A contemporary message could command a contemporary price. When Sir John Aird, 1st Baronet, commissioned Sir Lawrence Alma-Tadema to paint The Roses of Heliogabalus, he paid Alma-Tadema 4,000 GBP. The price of 4,000 GBP in 1888 would approximately be 150,000 USD in 2020. Alma-Tadema was an appreciated artist in his time, and the price reflects the four months it took Alma-Tadema to create this great work.

What is sad is that shortly after Alma-Tadema’s death in 1912, his works and Academic style quickly fell out of favor with the public. The social changes brought by WWI, the 1920s, and the Great Depression culminated in his works being quickly forgotten and ignored. It was not until the 1960s that his works and the Academic Style began to be reevaluated for their stylistic majesty and clarity. The Academic Style is still being reevaluated today, and while it is not as popular as other styles of the same timeframe like Pre-Raphaelites, Impressionism, and Arts & Crafts, the Academic Style has its own masterpieces like Sir Lawrence Alma-Tadema’s The Roses of Heliogabalus.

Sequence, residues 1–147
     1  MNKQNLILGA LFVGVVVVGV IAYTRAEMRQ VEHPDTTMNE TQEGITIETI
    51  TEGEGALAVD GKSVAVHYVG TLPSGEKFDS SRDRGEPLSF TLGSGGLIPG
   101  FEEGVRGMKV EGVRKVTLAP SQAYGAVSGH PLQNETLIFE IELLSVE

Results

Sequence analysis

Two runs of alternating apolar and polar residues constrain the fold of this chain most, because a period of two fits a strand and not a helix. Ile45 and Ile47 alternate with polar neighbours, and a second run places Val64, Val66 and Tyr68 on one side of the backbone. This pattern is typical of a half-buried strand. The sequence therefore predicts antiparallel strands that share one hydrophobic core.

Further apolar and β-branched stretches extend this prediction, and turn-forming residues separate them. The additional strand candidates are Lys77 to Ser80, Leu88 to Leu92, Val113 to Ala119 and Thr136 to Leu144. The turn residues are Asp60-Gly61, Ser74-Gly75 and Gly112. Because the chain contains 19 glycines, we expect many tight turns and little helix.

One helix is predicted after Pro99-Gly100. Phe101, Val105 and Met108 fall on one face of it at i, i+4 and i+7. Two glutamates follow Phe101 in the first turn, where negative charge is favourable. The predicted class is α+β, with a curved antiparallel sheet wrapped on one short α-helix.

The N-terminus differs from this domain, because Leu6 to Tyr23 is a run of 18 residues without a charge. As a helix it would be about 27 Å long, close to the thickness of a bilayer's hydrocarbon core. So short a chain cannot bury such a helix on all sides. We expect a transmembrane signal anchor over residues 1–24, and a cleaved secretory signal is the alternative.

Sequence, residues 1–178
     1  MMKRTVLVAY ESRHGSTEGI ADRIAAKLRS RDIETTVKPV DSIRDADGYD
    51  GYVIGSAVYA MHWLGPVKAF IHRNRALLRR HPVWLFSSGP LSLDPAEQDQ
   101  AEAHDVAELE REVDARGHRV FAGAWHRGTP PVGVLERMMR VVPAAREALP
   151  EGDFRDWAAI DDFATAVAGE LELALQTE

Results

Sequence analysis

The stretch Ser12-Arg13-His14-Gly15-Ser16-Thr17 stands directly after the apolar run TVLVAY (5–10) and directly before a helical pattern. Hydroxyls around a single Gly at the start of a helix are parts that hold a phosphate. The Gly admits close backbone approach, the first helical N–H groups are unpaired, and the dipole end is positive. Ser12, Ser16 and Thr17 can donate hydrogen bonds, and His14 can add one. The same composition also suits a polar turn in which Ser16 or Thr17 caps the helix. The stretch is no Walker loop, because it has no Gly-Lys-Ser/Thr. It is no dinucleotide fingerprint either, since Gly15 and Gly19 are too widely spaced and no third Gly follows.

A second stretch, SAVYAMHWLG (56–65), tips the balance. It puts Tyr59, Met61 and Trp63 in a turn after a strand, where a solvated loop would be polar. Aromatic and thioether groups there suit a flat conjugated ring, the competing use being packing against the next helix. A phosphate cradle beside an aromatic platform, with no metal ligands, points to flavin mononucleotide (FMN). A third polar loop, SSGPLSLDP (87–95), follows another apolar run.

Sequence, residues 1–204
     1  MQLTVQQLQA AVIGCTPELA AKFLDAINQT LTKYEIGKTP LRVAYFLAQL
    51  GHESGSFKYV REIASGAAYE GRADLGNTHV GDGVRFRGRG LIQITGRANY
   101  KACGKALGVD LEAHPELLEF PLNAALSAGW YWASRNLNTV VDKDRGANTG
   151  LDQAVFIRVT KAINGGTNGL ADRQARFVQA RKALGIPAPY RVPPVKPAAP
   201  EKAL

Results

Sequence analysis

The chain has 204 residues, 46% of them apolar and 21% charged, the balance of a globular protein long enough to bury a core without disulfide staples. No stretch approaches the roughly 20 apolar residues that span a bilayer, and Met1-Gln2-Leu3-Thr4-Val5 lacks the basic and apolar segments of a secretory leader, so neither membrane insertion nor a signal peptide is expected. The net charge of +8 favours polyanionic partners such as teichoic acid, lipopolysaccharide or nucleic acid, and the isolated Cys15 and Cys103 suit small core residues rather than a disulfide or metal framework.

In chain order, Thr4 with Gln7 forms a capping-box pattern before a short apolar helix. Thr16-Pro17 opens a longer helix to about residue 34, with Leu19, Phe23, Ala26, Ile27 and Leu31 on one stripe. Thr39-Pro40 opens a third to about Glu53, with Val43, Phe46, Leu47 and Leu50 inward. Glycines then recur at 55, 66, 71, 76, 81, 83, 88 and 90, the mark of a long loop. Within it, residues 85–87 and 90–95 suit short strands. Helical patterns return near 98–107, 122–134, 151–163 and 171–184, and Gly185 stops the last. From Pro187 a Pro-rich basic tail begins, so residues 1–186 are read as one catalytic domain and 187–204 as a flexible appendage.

Sir Lawrence Alma-Tadema, The Roses of Heliogabalus, 1888, Private Collection. Enlarged Detail of Guests.
Sir Lawrence Alma-Tadema, The Roses of Heliogabalus, 1888, private collection. Wikimedia Commons (public domain). Detail.

Sir Lawrence Alma-Tadema fuses Victorian morality and symbolism with Roman Imperial history in The Roses of Heliogabalus. It brings to life a moment from one of Rome’s most hated and reviled emperors. It brings ancient history to a contemporary audience. It makes it both entertaining and educational. Who knew that a Roman Emperor literally smothered his dinner guests with flowers? We have Sir Lawrence Alma-Tadema to thank for capturing that humorous anecdote to enliven our next dinner party. The Roses of Heliogabalus is a history lesson on canvas. It is the ultimate party prank. It is the ultimate Roman death.